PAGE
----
UKIP elects James to replace Farage as party leader | News | DW | 16.09.2016
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UKIP elects James to replace Farage as party leader

Diane James has been tasked with trying to steer a fractured party that needs to redefine itself after having achieved its key goal of getting the UK out of the EU. As UKIP's new chief, she remains committed to Brexit.

Britain's anti-European Union party - the United Kingdom Independence Party (UKIP) - elected Diane James its new party chairwoman on Friday.

She replaces Nigel Farage, who was head of the party for much of the past 10 years, leading it to its ultimate goal of taking the UK out of the European Union.

The party's former deputy co-chairman won 47 percent of the vote out of 17,970 party members who voted. UKIP claims to have 47,000 members. The result was announced at the UKIP annual conference in the coastal town of Bournemouth.

"We are the political change movement of the United Kingdom," James said, pledging to make sure Britain acts on the June referendum result and leaves the EU.

According to the EU rules, the UK should formally declare its intention to withdraw from the European free trade zone and then negotiate the terms of that withdrawal within two years.

Despite EU pressure for Britain to move quickly - to avoid prolonged uncertainty - Prime Minister Theresa May has indicated a formal declaration isn't likely before next year.

James is a member of the European Union Parliament and a former business analyst with a long career in the health care industry. She has vowed to ensure the government delivers an exit from the EU that meets the demands of UKIP voters: namely tighter immigration controls and more free trade.

Admiring Vladimir Putin

How the party will move to enhance the country's free trade after demanding it withdraw from the largest free trade zone is unclear.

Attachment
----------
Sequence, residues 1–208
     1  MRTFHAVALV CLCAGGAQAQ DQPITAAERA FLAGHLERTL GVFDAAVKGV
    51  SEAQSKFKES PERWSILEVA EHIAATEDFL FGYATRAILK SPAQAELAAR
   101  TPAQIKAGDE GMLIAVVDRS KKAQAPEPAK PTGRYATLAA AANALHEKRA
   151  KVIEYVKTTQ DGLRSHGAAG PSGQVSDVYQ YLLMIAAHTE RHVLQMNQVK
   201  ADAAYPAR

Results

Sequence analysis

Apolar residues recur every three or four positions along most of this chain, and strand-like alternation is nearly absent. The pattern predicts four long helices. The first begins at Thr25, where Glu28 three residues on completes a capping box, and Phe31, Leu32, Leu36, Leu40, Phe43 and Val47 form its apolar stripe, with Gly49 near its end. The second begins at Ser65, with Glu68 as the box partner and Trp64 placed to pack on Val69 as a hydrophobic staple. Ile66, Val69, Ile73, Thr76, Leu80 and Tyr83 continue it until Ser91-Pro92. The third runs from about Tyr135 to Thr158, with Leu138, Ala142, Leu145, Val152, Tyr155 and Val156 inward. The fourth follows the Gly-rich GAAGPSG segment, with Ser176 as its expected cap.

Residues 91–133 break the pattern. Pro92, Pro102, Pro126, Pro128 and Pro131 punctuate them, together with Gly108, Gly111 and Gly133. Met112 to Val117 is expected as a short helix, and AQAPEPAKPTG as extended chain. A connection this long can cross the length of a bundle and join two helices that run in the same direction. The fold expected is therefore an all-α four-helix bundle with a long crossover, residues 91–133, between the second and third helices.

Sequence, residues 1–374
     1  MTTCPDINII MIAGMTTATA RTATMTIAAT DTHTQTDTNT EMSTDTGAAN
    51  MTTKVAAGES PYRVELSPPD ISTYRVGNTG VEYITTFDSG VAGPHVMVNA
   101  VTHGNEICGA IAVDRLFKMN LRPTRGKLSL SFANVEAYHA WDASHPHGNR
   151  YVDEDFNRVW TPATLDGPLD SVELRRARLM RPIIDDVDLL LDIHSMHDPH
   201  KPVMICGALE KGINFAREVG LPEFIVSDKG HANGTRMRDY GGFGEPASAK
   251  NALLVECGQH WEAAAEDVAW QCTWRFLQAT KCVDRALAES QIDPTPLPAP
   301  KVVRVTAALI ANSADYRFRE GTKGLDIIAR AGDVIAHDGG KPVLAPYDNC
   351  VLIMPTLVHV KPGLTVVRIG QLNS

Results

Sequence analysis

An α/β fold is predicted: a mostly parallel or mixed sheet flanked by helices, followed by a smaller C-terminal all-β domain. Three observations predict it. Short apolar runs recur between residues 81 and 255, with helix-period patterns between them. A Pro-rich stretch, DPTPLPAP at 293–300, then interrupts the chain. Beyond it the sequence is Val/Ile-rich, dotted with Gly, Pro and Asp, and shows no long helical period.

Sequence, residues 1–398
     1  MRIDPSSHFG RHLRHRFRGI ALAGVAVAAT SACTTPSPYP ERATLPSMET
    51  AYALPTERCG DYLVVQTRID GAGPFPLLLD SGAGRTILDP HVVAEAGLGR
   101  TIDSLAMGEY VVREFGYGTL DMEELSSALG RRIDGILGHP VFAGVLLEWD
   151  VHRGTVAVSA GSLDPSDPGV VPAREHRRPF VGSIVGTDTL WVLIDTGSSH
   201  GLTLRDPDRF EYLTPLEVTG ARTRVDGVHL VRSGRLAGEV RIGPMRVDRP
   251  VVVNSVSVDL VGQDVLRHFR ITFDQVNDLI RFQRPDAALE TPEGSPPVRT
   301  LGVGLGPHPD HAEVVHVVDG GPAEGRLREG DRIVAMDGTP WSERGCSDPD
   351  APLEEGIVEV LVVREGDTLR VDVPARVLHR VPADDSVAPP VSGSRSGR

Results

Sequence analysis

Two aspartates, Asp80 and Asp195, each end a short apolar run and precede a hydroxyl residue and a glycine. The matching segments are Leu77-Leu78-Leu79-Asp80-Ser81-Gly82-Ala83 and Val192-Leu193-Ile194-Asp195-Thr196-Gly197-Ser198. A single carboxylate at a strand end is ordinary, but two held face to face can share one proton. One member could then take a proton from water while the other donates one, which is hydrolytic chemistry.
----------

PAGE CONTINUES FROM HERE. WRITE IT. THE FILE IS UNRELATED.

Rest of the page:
While lacking Farage's charisma, James is a proverbial flame-thrower, once apologizing after warning of "crime associated with Romanians" during a campaign to become a MP.

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She further raised eyebrows after praising Russian President Vladimir Putin.

"I admire him from the point of view that he's standing up for his country," said James, who was her party's justice and home affairs spokeswoman. "He's very nationalist. I do admire him. He is a very strong leader."

James inherits a comparatively small party: UKIP has one member of Parliament in the House of Commons, three representatives in the House of Lords, 22 members of the European Parliament, 488 councilors in UK local government and six members in the National Assembly for Wales.

But the party is torn with factional disputes and struggling to define a clear identity after achieving its ultimate goal - triggering Britain's exit from the EU.

The public referendum in June approved the UK's withdrawal from the EU by a slim margin of 52-48 percent. After the stunning referendum result, Farage announced he would step down as party chair, which he did in July.

bik/sms (Reuters, AFP)

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